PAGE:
In this blog post we look at how dry ice is formed, how it is used, and how it can be dangerous if used in confined spaces.
Dry ice is useful for many things, including cleaning, refrigeration and even fog effects in theatres.
However if it is if stored or used improperly it can be dangerous.
What is dry ice?
Dry is is essentially a block of frozen carbon dioxide.
A block of dry ice has a surface temperature of -78.5 degrees Celsius (-109.3 degrees Fahrenheit) and is most commonly used to preserve items that must remain cold or frozen, such as ice cream or biological samples.
It is also used as a form of cleaning, known as dry ice-blasting, where dry ice is accelerated in a pressurised air stream and directed at a surface in order to clean it.
In normal atmospheric conditions, dry ice undergoes a process of sublimation, which means as it breaks down, it turns directly from a solid to a gas.
This is useful for sending something frozen from one location to another, as at the end of the journey there will be no messy liquid left over like normal ice.
Sublimation can also be accelerated by placing dry ice in water to create dense clouds of smoke-like fog. This is used in fog machines at theatres, haunted house attractions and nightclubs (for example, as we discovered at Northern Restaurant and Bar 2017, a small piece of dry ice might be used in a drink for theatrical effect)
Due to its extremely cold temperature, any person handling dry ice should wear heavy gloves, as it can easily damage skin that comes into direct contact with it and cause a dry ice burn.
Another important hazard to consider is the potential exposure to an increased level of CO2. If you are around dry ice it is important to make sure it is stored in a well-ventilated area, as CO2 is heavier than air and during sublimation it can concentrate in low areas or enclosed spaces like a car or room.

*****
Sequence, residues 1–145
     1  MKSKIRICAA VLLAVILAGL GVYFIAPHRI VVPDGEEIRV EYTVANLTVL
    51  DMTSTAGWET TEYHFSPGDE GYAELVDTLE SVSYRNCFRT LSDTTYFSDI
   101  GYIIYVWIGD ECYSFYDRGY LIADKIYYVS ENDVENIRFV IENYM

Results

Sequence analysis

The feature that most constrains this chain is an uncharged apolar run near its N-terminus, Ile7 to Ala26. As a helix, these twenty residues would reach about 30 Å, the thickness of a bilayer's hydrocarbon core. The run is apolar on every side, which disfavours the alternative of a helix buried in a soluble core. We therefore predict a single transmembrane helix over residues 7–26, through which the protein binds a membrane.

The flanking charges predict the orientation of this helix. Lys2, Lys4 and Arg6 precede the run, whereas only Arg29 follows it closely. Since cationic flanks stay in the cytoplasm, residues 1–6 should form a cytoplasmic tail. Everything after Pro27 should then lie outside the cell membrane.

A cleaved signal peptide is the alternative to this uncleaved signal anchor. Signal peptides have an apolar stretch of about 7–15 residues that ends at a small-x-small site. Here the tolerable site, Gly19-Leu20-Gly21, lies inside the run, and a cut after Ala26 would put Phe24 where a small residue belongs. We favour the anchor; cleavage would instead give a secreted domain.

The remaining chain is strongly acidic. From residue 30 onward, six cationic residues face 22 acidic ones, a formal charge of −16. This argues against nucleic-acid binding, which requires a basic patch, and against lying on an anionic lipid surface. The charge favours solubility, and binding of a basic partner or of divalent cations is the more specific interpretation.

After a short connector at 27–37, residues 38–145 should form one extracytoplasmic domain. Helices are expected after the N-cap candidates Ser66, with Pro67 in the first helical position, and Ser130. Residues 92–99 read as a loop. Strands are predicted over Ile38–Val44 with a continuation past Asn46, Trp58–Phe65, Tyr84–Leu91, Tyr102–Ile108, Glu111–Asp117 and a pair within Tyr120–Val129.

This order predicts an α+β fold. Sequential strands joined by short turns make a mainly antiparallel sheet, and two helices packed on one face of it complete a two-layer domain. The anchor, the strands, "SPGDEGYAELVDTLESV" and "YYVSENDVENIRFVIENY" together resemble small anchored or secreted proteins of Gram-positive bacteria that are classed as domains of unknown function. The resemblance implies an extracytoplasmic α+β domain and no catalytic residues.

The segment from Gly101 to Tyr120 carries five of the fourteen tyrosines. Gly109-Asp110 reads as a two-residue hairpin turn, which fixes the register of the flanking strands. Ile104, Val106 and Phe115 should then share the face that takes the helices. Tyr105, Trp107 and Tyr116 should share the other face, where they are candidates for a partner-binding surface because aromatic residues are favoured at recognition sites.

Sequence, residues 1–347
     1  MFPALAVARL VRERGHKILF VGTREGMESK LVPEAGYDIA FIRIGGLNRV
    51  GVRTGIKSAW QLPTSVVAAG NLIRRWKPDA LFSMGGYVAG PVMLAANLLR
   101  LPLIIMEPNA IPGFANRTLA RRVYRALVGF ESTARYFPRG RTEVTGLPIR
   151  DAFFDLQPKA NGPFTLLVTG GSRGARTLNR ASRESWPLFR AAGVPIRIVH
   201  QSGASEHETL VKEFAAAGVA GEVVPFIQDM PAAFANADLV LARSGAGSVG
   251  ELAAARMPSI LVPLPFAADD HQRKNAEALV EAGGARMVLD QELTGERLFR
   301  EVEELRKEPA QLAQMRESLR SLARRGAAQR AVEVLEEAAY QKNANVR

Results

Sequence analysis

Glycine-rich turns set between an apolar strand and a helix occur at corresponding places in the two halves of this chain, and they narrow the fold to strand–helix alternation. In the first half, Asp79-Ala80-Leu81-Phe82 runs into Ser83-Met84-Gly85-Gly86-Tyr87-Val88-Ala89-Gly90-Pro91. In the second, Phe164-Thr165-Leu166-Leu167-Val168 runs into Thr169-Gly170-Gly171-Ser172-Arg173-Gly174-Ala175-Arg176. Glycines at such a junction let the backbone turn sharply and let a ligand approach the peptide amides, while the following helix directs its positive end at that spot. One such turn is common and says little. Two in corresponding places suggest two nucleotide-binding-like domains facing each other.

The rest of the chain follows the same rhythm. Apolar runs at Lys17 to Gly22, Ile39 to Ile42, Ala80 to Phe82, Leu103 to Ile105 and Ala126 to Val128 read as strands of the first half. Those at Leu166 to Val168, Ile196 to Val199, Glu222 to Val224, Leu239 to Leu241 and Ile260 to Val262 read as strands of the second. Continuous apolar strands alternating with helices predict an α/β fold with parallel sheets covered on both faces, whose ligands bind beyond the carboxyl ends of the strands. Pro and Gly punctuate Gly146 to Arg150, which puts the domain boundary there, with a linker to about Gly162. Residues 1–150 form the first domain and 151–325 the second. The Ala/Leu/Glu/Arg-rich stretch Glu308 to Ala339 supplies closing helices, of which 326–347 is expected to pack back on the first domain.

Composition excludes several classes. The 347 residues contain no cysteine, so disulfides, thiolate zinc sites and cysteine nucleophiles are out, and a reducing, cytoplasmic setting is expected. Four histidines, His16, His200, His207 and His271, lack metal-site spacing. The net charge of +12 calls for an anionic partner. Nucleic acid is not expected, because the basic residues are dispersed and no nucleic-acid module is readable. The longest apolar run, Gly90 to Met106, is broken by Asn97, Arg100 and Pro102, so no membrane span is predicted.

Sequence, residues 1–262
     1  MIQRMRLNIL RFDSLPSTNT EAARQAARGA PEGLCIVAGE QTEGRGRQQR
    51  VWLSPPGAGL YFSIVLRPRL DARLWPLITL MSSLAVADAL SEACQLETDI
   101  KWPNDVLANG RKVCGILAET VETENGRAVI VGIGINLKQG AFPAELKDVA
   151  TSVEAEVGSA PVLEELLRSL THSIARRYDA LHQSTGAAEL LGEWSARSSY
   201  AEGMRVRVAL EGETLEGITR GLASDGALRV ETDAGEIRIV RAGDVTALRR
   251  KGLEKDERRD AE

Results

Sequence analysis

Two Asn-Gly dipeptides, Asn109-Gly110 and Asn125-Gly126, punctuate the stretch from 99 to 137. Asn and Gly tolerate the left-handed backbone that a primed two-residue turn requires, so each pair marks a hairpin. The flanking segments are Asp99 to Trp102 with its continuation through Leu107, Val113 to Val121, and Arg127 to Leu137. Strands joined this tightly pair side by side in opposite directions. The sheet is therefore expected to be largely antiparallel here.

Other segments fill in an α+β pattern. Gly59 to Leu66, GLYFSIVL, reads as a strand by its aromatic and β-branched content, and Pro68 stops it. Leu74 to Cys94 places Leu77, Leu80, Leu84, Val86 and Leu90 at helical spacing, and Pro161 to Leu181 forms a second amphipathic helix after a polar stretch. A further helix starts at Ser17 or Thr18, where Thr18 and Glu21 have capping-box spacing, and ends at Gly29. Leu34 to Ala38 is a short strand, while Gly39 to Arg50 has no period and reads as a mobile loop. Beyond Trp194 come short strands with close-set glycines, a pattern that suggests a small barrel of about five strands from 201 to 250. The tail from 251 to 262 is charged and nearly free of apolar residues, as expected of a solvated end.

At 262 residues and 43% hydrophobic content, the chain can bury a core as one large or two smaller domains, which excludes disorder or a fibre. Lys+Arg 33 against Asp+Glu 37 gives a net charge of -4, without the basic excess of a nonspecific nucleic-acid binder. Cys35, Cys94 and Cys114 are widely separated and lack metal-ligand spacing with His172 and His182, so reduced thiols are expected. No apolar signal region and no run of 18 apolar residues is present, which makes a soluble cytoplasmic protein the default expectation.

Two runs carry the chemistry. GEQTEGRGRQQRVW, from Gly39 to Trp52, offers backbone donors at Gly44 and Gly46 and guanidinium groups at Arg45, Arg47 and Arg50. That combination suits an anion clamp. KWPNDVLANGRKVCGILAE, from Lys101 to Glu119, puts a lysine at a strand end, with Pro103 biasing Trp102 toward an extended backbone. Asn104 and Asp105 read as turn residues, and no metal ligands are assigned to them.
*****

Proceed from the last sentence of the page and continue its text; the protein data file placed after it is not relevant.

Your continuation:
Dry ice, carbon dioxide and the displacement of oxygen
The woman was providing catering services and she had stored boxes and coolers of ice cream packed with dry ice in the back of her SUV.
During her journey, the dry ice had started to turn to CO2 gas and she had failed to roll down her windows, meaning her car was not well ventilated.
The CO2 displaced the oxygen in her car, causing her to pass out, and she was found in the middle of an intersection with her foot still on the gas pedal and the SUV in drive.
Unconsciousness is just one of the physiological effects of CO2, as it can also cause drowsiness, reduced hearing, increased heart rate and blood pressure, headaches, tremors and dizziness, to name a few.
Luckily the woman recovered from CO2 poisoning, however an increased concentration of the gas could have resulted in her death.
As CO2 is colourless and odourless, this makes it hard to detect. To raise the alarm when there is exposure to higher than normal levels of CO2, Analox offer a wide range of carbon dioxide monitors – from portable monitors like the Aspida to fixed monitors like the Ax60.
These cater for several industries including beverage and hospitality, fast food, laboratory, offshore and marine, commercial kitchens and agriculture.
To find out more visit our products page for CO2 detection.
Update: It is still sad to see incidents concerning dry ice in the news. In May 2016, Fox news reported the story of a courier who passed out on the side of the road when a package containing dry ice leaked inside his car. Fortunately, he was found in time and survived.
Author: Araminta Hartley, Content Writer
Founded in 1981, Analox Sensor Technology provides niche and custom gas detection solutions to industries including beverage and fast food, commercial diving and laboratories. Analox has over 325 years of collective, specialist electronics and software engineering expertise, as well as a worldwide distributor network. Contact us to see how we can provide expert gas monitoring solutions and help you achieve your goals.